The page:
Roberto Clemente’s effort on the field paled in his commitment to aid his fellow man.
Forty years ago Roberto Clemente Walker boarded a plane headed to earthquake-ravaged Managua, Nicaragua to deliver supplies to needy victims. The Douglas DC-7 carrying only Clemente, the pilot and supplies crashed into the ocean off the coast of San Juan, Puerto Rico moments after takeoff. Clemente’s body was never recovered.
In the decades following his untimely death, baseball and sports has been unsuccessful in filling the void left by this extraordinary man.
In the years following the integration in baseball in America, Roberto Clemente became its first great Hispanic player and sports’ greatest humanitarian. A native of Carolina, Puerto Rico, Clemente worked delivering milk cans in the barrios to earn money while his father worked as a foreman of sugar crops. These were the formative years of Clemente’s work ethic and committment to public service.
Clemente began his pro career in the Puerto Rican Professional League in the early 1950’s. He was offered a contract by the Brooklyn Dodgers’ Triple-A affiliate two years later. When Clemente joined the Montreal Royals, he struggled with colder weather and the obvious language barrier. Spanish-speaking teammate Joe Black helped Clemente adjust to life in Canada. The Royals played Clemente sparingly, but his talent could not escape the watchful eye of Pittsburgh Pirates scout Clyde Sukeforth.
Clemente was taken by the Pittsburgh Pirates with their first pick in the 1954 draft. He made his Major League debut on April 17, 1955. Once in Pittsburgh, Clemente endured his share of racism from the Pittsburgh media and some teammates — something he had been warned of growing up in Puerto Rico.
Clemente was involved in a car accident midway through his rookie season — which injured his lower back. The injury caused him trouble when it came to hitting certain pitches. Clemente batted a modest .255 in his rookie campaign, but his play in the outfield made him a standout. The Pirates were a squad consistently on the short end of victories and were looking to rebound with young talent. In 1959, the Pirates enjoyed their first winning season in a decade.
In an effort to strengthen his body, Clemente skipped winter ball and joined the United States Marine Corp Reserve. The rigorous training added ten pounds of muscle to his body and his back problems stemming from the car accident disappeared. He remained in a reserve status with the Marine Corps until 1964.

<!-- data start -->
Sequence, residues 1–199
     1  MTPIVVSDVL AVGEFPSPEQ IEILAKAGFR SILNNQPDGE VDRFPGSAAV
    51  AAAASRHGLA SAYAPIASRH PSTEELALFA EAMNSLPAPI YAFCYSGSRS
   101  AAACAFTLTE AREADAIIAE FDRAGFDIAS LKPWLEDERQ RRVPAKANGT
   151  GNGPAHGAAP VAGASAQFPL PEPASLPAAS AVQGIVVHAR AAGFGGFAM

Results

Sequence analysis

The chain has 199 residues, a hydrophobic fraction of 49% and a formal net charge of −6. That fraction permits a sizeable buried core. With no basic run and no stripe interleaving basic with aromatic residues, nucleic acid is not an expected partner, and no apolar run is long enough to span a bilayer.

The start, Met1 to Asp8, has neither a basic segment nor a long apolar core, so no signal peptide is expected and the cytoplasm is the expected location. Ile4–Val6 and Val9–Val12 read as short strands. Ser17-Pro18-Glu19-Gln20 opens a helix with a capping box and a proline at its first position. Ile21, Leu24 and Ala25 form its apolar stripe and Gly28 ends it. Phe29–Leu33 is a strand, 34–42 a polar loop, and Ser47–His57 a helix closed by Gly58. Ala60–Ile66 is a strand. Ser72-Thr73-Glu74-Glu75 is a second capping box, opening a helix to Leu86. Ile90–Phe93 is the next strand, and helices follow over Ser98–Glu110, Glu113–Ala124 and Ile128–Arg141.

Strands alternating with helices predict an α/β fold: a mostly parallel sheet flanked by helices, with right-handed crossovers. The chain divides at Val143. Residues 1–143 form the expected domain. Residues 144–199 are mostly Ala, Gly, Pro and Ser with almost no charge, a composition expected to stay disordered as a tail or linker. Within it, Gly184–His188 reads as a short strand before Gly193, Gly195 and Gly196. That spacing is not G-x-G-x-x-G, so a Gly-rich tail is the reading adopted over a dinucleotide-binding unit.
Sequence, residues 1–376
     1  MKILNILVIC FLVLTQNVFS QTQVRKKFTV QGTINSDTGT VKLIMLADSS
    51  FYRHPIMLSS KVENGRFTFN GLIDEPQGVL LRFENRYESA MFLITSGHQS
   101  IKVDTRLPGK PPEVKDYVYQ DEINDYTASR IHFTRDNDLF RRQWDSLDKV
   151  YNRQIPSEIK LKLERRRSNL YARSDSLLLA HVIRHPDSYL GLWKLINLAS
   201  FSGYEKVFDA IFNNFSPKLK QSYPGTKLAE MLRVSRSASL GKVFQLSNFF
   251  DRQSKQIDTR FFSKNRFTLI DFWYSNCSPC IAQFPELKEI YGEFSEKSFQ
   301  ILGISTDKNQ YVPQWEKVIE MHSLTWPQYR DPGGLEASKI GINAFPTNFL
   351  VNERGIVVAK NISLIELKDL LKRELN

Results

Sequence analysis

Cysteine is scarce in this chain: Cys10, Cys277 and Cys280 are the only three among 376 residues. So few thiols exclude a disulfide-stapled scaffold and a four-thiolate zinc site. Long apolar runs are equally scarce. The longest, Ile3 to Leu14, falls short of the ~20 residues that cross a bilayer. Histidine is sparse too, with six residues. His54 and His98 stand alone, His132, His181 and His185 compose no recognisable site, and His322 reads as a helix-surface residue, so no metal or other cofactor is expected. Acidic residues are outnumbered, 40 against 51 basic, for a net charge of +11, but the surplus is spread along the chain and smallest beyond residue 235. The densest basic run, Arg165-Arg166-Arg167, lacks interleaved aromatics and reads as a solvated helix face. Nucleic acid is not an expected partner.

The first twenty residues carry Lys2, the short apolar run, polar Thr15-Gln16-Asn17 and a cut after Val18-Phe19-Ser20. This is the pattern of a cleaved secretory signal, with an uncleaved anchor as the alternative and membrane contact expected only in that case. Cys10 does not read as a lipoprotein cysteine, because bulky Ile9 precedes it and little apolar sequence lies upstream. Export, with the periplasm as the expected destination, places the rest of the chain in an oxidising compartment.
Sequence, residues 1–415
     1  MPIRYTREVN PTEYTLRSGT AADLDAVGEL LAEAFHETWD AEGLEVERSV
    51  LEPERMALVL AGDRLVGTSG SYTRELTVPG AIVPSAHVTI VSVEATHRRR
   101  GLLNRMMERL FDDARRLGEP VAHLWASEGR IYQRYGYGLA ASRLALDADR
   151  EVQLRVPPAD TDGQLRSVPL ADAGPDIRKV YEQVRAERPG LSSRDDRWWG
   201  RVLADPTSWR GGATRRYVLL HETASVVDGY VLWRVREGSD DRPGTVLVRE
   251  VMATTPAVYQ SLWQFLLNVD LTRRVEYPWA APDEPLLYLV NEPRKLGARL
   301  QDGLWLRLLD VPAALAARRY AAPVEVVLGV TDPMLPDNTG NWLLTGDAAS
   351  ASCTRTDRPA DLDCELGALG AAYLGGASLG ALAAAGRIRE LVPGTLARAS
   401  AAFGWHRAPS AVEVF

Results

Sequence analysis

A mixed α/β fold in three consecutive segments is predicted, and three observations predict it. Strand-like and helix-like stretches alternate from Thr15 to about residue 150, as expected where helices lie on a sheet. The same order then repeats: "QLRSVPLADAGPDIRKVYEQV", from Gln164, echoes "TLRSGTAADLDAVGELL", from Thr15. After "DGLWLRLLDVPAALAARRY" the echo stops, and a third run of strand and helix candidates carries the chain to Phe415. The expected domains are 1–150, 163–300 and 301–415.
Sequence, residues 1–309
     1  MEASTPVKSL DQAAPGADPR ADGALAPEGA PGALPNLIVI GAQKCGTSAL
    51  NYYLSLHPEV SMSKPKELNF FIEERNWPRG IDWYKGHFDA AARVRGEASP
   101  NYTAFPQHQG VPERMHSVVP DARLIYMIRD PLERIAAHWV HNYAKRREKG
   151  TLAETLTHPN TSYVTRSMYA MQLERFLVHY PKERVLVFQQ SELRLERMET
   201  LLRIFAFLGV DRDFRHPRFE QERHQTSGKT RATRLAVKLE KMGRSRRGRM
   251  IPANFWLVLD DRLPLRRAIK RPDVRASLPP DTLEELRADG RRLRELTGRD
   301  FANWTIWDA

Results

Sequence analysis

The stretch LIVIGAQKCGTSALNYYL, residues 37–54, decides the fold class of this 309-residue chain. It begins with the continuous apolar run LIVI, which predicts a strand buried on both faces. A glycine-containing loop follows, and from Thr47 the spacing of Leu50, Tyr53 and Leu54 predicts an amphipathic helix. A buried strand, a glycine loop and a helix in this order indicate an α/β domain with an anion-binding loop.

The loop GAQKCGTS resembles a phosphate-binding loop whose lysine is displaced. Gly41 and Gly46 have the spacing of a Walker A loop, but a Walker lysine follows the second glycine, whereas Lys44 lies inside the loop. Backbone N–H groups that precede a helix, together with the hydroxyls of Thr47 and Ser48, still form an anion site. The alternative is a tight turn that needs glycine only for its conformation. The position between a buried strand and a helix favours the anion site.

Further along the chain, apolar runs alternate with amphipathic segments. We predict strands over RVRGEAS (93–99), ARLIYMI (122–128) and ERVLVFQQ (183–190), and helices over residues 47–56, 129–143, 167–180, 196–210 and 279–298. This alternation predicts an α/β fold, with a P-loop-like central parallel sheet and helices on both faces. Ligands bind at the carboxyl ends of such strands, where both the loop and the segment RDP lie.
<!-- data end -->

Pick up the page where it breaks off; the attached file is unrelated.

In the 1960’s, Clemente cemented himself as one of the game’s greatest players and forged a legacy lasting to this day. In 1960, the Pittsburgh Pirates would defeat the New York Yankees in seven games to win the World Series. Clemente enjoyed a breakout season at the plate, batting .314 with 16 home runs. Clemente became the first Hispanic player to win a World Series as a starting player. Since his back was no longer an issue, he sought to fine tune his hitting by using a heavier bat to slow down his swing. From 1961 through 1972, Clemente would bat under .300 only once. He was a 12-time All-Star, won four batting titles in six seasons and was named the National League MVP in 1966. In 1971, the Pirates defeated the Baltimore Orioles to win another World Series championship as Clemente was named MVP.
Clemente played only 102 games in the 1972 season due to injuries. He still managed to bat .312 with 10 home runs and 60 RBIs. On September 30, 1972, in his last regular season at bat, Clemente hit a double off Jon Matlack for his 3,000th career hit.
Clemente dedicated his off seasons to charities and humanitarian causes. Ironically, he visited Managua weeks before the quake. Upon news of the disaster, he immediately assembled relief flights to send aid to the victims.
The first three flights carrying aid had been intercepted by rogue officials of the Somoza government, those supplies never reached the quake victims. Clemente decided to accompany the fourth flight — hoping his presence might allow the aid to reach the victims. In order to compensate for the three previous trips the plane was overloaded by 4,200 lbs. causing the crash that claimed one of Puerto Rico’s most beloved sons. Who knows what fate might have awaited Clemente in Managua if he tried to reason with unreasonable men? Life has a way of protecting us from a greater pain than what already exists.
Clemente passed away in the same year I was born. Growing up in a community with Blacks and Hispanics his image was hard to ignore. I remember walking by murals of Clemente painted on the sides of gutted houses or maybe a faded picture in the front window of a home. Hispanic kids rocked the #21 like we cherish Jordan’s #23. Baseball honors Clemente’s memory with an award in his name given to the player who best exemplifies his humanitarian spirit. For those of us who could relate to Clemente, those tributes came much sooner.
Clemente’s effect on those around him can be summed up with the following: Pirates catcher Manny Sanguillen was the only player from the Pirates who skipped Clemente’s memorial service. He instead chose to swim the waters where the plane went down hoping to find his teammates body.
With so much going on in the world today, we need to look no further than our own front door to embrace and display the same spirit.